One of the common symptoms of COVID-19 is fever, and a drug called ibuprofen, found in the leading brands Advil and Motrin, is one of the most-trusted fever reducers available without a prescription.
Early in the novel coronavirus epidemic, people were told to stock up on over-the-counter medications including ibuprofen to help reduce mild fevers if asked to ride out a viral illness at home.
But recently, French Minister Olivier Veran, a physician, tweeted that anti-inflammatory medications like ibuprofen "could be a factor in aggravating the infection," encouraging patients to take acetaminophen, which is found in Tylenol, for a fever instead.
His comments sparked a wave of controversy about the safety of ibuprofen for fevers associated with COVID-19, with experts weighing in on both sides. Although its safety is still being studied, for now, the world's leading scientists at the World Health Organization have said people shouldn't shy away from using ibuprofen to help mild fevers.
Drug companies that make over-the-counter painkillers told ABC News that they're monitoring the rapidly evolving situation and that patients should consult with healthcare providers about any concerns.
A spokesperson for Johnson & Johnson, which makes both Motrin and Tylenol, said the company "is taking all possible measures to maximize product availability across our OTC medicine portfolio to ensure broad access in all markets around the world.”
A spokesperson for GlaxoSmithKline, which produces Advil, said: "This is an emerging and rapidly evolving situation, and because consumer safety is our number one priority, we are closely monitoring statements from the public health authorities and medical experts."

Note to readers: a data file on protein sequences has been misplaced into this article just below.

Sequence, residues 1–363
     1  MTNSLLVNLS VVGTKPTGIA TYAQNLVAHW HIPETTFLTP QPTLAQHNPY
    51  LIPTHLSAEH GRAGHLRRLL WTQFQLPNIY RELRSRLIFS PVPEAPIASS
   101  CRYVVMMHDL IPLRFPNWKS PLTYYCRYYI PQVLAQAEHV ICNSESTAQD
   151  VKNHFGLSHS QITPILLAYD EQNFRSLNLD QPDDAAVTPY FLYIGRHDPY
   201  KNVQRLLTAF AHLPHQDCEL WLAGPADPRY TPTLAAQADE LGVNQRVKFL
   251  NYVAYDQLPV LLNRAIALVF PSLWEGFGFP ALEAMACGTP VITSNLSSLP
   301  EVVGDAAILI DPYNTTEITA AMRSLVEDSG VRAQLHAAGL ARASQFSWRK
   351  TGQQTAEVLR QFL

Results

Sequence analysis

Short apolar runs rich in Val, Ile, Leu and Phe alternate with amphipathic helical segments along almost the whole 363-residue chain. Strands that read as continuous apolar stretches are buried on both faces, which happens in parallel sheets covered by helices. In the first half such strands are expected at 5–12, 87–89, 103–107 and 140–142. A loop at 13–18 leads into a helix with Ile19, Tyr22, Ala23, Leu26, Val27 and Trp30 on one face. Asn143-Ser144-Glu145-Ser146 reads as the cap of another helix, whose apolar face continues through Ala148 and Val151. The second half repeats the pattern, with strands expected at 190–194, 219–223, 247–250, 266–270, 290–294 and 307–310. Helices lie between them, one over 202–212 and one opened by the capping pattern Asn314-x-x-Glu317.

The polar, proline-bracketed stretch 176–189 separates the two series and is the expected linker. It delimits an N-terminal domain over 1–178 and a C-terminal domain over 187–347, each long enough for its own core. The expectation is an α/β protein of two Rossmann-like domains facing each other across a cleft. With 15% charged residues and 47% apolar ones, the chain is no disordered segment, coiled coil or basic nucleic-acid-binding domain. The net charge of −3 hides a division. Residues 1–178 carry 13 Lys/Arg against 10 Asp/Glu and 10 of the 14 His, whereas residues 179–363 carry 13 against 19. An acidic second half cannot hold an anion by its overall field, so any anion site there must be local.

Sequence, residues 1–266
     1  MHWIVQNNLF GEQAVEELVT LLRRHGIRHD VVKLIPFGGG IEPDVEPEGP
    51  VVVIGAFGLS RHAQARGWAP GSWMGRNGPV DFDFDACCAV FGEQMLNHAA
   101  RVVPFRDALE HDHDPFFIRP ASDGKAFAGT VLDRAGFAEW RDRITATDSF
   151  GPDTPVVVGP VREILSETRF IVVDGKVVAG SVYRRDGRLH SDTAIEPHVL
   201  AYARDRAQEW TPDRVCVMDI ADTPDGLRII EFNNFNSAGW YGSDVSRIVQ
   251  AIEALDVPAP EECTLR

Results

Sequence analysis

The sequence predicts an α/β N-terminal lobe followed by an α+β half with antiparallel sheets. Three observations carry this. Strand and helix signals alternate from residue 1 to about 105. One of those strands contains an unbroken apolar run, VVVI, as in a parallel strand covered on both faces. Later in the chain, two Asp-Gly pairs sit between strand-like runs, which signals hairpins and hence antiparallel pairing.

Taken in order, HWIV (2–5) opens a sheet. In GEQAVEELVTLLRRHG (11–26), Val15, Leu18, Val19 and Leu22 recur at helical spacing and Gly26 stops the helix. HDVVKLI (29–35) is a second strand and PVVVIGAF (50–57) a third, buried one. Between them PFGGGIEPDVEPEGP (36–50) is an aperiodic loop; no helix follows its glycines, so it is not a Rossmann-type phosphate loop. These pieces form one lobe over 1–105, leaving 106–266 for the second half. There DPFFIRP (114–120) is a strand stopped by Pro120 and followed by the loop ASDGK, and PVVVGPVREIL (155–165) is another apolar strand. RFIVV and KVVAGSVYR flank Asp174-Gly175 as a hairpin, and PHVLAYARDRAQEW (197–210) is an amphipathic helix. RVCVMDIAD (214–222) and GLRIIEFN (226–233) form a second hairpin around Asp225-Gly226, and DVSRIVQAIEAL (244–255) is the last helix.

Concerns about ibuprofen and other fever reducers may have been kick-started by fake WhatsApp messages circulating online. While normally such claims would be ignored by medical professionals, the online conspiracy fell on the heels of a hypothesis published in a prestigious scientific journal, the Lancet, which said there may be a scientific rationale for COVID-19 patients to avoid ibuprofen.
That theory draws on molecular biology. Because the virus that causes COVID-19 is known to bind to a specific protein in the body called ACE2, any medication that can increase ACE2, like ibuprofen, could theoretically increase the risk for a more severe COVID-19 infection.
In addition to ibuprofen, other medications like ACE inhibitors and angiotensin receptor blockers, a widely used group of blood pressure-lowering medications, have been thought to potentially increase ACE2.
But these are just theories.
Because of the thin evidence, numerous professional societies have come out against the French official's claim. One of these groups was the Infectious Diseases Society of Ireland, stating that the circulating message was "a fake message" and that patients can still take ibuprofen and other nonsteroidal anti-inflammatories for COVID-19 infections.
Ireland's Health Service Executive also said, "Regular medication, including anti-inflammatory medication, may be continued by people with COVID-19, unless advised otherwise by their healthcare professional." The Spanish Ministry of Health also said that there is no evidence that ibuprofen or other NSAIDs make the novel coronavirus worse.
Initially, a representative for the World Health Organization reportedly said at a press conference on Tuesday that patients should use paracetamol or acetaminophen in favor of ibuprofen.